Upon entering the Virgin America website, the user is immediately greeted by an open white page with few buttons, text block or flashy graphics. The menu options are shrunk, hidden and embedded into just a few drop down bars (following John Medea’s S.H.E. principle of design), with only a large box of rotating banners at the bottom of the page to alert the guest as to pertinent news about Virgin America.

Unlike other airline websites, the user is not assaulted by endless blocks of dense text and myriad rows of buttons. Only the most important functions are presented on the Virgin America homepage, with additional information available on a need to know basis through drop down menus. This relaxing and clean approach is very welcoming to the Virgin’s target audience of 20-40 somethings who are adverse to being overstimulated online with too many choices and menus.

The most developed part of the Virgin America website beyond the flight booking/scheduling box, is the representation of the Virgin America experience itself. It is this part of the website that sells Virgin America to those who are new to the brand.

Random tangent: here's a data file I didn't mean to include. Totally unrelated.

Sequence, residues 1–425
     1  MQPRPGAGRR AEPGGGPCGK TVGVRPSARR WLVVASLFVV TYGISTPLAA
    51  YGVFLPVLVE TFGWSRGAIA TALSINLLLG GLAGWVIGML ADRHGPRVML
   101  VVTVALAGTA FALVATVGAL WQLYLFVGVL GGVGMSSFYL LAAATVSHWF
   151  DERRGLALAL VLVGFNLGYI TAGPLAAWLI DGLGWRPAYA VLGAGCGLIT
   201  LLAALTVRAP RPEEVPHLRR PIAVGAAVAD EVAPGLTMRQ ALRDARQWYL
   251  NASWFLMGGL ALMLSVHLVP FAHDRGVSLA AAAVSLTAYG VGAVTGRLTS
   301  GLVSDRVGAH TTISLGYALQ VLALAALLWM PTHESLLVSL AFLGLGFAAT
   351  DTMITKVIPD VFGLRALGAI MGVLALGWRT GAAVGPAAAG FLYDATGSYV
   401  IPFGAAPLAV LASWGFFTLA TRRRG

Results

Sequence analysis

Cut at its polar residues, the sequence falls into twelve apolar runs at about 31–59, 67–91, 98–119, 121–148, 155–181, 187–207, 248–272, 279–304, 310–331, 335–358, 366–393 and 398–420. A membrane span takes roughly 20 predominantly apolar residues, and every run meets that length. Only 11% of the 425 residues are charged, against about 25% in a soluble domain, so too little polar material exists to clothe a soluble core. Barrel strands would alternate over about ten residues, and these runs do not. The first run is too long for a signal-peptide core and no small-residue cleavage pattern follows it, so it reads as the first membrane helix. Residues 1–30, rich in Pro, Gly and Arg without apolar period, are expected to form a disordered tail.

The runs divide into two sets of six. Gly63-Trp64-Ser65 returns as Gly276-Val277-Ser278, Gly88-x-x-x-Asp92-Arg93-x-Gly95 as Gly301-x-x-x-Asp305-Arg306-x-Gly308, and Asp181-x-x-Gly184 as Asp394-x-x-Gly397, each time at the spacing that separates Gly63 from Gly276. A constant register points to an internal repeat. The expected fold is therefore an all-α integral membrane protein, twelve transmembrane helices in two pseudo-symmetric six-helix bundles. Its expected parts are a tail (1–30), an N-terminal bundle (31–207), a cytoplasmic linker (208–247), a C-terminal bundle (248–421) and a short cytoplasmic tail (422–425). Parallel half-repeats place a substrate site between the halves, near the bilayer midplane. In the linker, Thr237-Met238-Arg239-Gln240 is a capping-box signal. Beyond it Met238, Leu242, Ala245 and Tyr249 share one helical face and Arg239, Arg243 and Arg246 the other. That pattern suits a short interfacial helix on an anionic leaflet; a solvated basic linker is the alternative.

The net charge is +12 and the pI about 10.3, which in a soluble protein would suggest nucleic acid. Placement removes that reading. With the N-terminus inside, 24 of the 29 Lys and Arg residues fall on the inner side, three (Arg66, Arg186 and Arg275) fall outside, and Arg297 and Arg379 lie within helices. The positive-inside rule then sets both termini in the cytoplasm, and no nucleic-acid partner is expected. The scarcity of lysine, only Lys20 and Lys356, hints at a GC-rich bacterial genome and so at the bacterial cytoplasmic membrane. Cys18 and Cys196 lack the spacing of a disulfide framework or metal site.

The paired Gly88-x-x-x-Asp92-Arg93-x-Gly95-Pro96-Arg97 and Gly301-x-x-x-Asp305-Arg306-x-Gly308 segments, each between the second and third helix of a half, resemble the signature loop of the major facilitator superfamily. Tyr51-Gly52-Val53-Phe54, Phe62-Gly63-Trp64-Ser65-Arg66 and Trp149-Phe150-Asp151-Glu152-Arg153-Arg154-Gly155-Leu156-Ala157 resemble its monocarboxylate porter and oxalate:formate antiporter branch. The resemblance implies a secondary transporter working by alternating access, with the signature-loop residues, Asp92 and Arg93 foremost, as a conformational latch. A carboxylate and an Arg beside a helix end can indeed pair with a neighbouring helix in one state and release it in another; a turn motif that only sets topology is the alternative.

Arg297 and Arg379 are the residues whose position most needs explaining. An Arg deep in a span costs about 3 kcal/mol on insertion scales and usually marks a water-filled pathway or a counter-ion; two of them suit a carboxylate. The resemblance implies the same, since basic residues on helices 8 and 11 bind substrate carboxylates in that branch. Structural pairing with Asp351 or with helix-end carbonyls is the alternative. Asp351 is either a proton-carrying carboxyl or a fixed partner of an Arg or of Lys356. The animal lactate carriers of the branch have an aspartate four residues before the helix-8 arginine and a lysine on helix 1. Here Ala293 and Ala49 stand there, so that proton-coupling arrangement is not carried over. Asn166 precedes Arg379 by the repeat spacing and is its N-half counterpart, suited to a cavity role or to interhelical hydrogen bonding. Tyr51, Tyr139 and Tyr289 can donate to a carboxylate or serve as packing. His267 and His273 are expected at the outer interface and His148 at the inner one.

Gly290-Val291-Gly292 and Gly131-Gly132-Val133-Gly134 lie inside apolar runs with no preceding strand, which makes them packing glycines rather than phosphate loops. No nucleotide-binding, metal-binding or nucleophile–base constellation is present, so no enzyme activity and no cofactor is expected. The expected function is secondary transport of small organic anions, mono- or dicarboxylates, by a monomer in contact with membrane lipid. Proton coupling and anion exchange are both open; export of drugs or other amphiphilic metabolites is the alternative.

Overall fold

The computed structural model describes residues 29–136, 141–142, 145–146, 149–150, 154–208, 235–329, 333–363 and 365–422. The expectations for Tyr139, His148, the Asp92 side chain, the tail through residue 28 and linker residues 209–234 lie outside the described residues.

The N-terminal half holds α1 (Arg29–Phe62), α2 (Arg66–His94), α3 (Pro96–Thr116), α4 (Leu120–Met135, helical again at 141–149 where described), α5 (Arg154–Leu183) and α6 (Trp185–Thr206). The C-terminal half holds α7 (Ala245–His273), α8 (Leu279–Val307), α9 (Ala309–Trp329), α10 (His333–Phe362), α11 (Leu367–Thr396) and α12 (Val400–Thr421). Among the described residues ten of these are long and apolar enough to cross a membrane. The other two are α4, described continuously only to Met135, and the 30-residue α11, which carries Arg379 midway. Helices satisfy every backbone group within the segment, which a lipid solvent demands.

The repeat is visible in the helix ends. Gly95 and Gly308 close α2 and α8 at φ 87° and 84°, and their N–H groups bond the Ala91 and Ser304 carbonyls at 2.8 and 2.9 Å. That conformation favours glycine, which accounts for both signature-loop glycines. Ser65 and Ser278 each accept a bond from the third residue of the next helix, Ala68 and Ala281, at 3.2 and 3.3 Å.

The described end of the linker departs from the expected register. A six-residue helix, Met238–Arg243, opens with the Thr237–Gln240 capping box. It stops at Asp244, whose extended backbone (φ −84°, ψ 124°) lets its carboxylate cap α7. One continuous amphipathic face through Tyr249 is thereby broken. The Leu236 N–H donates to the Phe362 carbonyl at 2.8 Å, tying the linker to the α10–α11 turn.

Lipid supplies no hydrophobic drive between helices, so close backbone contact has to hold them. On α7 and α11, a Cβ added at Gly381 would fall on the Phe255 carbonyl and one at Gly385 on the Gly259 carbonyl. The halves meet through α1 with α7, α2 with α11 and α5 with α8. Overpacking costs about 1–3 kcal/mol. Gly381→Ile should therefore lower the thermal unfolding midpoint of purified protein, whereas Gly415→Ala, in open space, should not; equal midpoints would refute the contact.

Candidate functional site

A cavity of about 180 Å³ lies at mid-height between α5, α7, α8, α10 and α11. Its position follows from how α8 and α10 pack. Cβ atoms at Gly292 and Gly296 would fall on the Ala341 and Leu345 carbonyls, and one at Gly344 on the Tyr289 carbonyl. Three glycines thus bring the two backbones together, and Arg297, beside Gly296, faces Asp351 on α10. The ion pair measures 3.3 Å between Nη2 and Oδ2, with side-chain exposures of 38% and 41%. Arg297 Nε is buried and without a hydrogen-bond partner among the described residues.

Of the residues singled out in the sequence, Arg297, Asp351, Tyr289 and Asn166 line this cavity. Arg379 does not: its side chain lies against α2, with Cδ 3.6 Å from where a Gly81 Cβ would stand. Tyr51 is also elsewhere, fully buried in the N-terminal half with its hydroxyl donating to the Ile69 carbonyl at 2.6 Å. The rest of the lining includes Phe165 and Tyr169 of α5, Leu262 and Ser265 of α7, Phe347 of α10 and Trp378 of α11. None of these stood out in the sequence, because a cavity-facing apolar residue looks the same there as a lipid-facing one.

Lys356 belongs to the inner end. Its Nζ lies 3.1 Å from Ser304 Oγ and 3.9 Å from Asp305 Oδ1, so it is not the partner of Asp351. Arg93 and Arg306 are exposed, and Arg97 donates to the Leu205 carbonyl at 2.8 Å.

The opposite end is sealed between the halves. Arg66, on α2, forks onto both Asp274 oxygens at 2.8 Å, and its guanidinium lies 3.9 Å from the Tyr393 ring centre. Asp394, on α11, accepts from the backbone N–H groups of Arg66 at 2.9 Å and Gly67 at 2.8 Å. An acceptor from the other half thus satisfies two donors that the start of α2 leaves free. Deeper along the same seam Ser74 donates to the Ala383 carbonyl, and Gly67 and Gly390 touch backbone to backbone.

Upon entering the Virgin America experience page, the user is presented yet again with a clean almost, Apple-esque viewing experience with several large icons that can be scrolled through as one would with the lower application dock on Mac OS X computers. Each icon leads to a specific experience the user can have by flying Virgin America: first class seat features, Virgin TV, outlets available on flights for electricity and Ethernet connection, partnerships, mood lighting and on and on.

Compare this to other airline websites, most notably Continental, Alaska Air and United, who have almost nothing about the flight experience on their bloated websites and one can immediately see the brilliance in Virgin America’s approach. By selling an experience, Virgin America separates itself form the pack and buyers are no longer shopping only for price but now for the experience. With this strategy Virgin America gains value in the eyes of the potential consumer.

Virgin America’s investment in a clean, beautifully designed website that welcomes, calms, and sells an experience, establishes Virgin Airlines as being forward thinking, modern and even hip. Virgin America reaches a great demographic, 20-40 year olds with taste and disposable income, without resorting to gimmicks, contests or other sales novelties that other major airlines use to feebly attempt to attract customers. This model of great usability and clean design will hopefully inspire other airline companies to follow suit.

Read Full Post »

Older Posts »